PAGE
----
This menu allows you change the operator’s wavetable (or bank), and the sync and phasor shaping modes / methods.
Dexter features 35 different wavetables, providing a vast pallet of timbres and textures to work with. By default the “Opal” table is loaded, but this can be changed by going to the “Wavetable” page in the settings menu, and turning the blue wavetable knob to select another table. The following list gives a description about each table.
|Opal:||Based on the waves from a chip used in an early 90’s PC soundcard|
|Basic:||Sine, Triangle, Sawtooth and Pulse with PWM.|
|TeeEks:||Waves from a popular 1U rack unit FM synthesiser.|
|SinHarm:||Sine wave that increases in harmonic pitch.|
|AddSin:||Sine wave with harmonic overtones that increase with pitch.|
|AMHarm:||Sine wave that increases in harmonic pitch but also amplitude modulated with another sine wave.|
|SwpHarm:||Sine wave that increases in harmonic pitch but also amplitude modulated with a falling ramp wave. Mimics a resonant filter sweep.|
|AddSaw:||Additive synthesis of a sawtooth wave using an increasing number of partials.|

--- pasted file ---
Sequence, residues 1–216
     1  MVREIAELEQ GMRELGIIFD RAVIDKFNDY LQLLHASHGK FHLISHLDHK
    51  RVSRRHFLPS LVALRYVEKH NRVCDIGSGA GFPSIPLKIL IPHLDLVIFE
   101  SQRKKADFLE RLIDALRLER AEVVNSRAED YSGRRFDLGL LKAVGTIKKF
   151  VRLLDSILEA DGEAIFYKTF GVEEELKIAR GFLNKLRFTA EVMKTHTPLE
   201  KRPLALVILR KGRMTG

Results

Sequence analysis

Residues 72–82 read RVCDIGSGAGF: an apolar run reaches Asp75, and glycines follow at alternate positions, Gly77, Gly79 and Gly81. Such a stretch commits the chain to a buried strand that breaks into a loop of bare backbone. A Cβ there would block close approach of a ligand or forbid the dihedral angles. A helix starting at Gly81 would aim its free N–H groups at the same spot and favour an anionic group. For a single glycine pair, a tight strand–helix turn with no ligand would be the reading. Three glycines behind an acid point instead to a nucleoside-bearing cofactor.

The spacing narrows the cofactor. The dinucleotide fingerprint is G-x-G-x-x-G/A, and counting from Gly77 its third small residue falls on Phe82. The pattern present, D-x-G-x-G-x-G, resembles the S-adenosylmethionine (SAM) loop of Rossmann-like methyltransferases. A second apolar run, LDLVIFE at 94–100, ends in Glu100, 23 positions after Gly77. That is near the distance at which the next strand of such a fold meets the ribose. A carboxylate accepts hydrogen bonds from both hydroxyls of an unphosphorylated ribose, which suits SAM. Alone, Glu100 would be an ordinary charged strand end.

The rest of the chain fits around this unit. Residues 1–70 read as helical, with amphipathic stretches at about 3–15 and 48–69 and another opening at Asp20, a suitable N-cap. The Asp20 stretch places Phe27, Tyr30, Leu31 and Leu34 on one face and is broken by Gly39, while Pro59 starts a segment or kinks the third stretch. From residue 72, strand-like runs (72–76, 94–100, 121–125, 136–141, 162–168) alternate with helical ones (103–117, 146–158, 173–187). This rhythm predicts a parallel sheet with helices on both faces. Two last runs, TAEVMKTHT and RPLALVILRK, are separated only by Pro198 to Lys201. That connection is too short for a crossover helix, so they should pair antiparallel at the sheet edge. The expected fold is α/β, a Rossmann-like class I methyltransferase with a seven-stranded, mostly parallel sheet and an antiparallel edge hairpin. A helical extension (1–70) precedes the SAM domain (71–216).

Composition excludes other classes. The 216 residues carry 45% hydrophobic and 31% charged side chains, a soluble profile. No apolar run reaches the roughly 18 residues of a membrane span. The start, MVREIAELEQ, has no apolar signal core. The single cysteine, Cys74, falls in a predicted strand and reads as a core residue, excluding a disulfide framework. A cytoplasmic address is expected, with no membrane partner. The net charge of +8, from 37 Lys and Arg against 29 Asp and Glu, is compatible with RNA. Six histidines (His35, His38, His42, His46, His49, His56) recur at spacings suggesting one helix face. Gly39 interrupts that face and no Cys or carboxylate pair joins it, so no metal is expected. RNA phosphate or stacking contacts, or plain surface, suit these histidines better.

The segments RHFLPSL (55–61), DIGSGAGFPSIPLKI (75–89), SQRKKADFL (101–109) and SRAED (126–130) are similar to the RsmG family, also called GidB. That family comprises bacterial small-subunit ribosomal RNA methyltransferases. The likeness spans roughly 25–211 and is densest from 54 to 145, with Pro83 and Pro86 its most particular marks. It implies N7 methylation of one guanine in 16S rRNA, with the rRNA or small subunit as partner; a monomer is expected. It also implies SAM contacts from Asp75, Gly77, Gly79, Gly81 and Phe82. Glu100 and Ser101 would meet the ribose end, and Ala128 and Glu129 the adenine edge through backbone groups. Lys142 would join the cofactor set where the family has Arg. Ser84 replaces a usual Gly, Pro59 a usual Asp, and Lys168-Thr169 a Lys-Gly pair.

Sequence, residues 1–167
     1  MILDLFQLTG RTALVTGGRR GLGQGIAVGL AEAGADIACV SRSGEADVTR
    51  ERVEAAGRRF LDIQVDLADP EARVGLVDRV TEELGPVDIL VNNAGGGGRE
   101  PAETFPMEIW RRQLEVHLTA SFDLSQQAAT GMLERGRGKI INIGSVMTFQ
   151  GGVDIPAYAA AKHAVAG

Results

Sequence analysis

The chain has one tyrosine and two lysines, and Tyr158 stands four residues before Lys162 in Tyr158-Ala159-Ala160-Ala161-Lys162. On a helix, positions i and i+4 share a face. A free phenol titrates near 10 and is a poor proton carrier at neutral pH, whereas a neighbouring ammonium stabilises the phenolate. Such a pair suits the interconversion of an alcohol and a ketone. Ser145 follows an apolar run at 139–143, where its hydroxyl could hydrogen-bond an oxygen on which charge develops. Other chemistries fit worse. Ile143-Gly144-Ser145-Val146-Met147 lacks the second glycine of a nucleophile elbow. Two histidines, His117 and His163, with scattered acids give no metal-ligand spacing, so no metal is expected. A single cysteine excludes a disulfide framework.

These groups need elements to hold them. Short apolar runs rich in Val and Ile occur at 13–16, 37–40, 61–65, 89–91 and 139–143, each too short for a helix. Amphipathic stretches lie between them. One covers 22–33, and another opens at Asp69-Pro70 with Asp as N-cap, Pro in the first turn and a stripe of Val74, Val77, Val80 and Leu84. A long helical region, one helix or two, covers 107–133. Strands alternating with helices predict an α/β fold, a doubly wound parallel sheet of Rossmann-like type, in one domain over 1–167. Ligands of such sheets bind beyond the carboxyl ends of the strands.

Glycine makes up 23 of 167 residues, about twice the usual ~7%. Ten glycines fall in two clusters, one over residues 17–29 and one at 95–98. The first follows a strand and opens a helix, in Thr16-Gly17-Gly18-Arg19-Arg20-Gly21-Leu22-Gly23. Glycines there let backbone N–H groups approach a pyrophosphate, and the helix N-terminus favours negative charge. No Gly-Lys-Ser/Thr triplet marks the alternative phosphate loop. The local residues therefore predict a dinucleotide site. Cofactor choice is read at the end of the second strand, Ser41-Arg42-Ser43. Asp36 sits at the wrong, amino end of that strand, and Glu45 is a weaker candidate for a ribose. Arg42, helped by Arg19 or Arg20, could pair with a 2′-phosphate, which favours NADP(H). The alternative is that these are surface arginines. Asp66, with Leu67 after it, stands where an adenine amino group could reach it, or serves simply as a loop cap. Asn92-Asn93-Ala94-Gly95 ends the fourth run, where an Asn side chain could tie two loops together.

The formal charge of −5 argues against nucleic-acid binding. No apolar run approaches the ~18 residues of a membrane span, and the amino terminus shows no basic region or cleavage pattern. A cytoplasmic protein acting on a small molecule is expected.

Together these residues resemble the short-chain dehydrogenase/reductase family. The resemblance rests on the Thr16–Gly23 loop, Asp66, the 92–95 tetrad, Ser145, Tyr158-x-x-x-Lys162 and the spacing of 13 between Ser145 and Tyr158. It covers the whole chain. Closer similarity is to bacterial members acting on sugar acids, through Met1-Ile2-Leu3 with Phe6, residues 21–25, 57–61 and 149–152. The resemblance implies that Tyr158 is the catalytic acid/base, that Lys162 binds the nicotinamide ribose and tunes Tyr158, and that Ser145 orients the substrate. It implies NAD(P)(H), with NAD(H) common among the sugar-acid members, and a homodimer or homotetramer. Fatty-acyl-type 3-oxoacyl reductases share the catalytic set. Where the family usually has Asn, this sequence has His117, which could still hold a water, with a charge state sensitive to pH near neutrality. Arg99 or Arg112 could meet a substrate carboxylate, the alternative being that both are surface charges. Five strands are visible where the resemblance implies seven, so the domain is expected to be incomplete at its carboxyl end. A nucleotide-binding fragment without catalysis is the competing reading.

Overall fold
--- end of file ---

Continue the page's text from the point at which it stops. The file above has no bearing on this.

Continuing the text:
|AddSqr:||Additive synthesis of a square wave using an increasing number of partials.|
|AddBank:||Waveforms generated from partials with random harmonics.|
|Oboe:||Single cycle wave snippets of an oboe.|
|Sax:||Single cycle wave snippets of a saxophone.|
|Cello1:||Single cycle wave snippets of a cello.|
|Cello2:||Single cycle wave snippets of a cello.|
|Violin:||Single cycle wave snippets of a violin.|
|Piano:||Single cycle wave snippets of a piano.|
|OvrTne1:||Soft yet rich in harmonic overtones.|
|OvrTne2:||Soft yet rich in harmonic overtones.|
|Sym:||Symmetrical above and below the 0V line.|
|Chip1:||Lo-fi computer tones.|
|Chip2:||Lo-fi computer tones.|
|BitCrush1:||Bank of heavily bitcrushed waveforms.|
|BitCrush2:||Bank of heavily bitcrushed waveforms.|
|Voice1:||Softer, choir vocal tones.|
|Voice2:||Richer, choir vocal tones.|
|Voice5:||Nasal vocal tones.|
|PWM:||Pulse width modulated square wave.|
|BiPls:||Square wave that is gradually “pinched” to middle of the wave cycle.|
|SawGap1:||Saw wave with a gradually increasing gap in the middle of the wave cycle.|
|SawGap2:||Saw wave that is gradually “pinched” to middle of the wave cycle.|
|VGame:||Collection of lo-fi video game type waveforms.|
The following lists show the different phasor shaping and operator sync modes.
|Bend||The phasor is dragged to one side from the middle so that the 1st half of the table is read faster than the last half.|
|Tilt||The phasor reads the table faster and then waits at the end until a new cycle begins|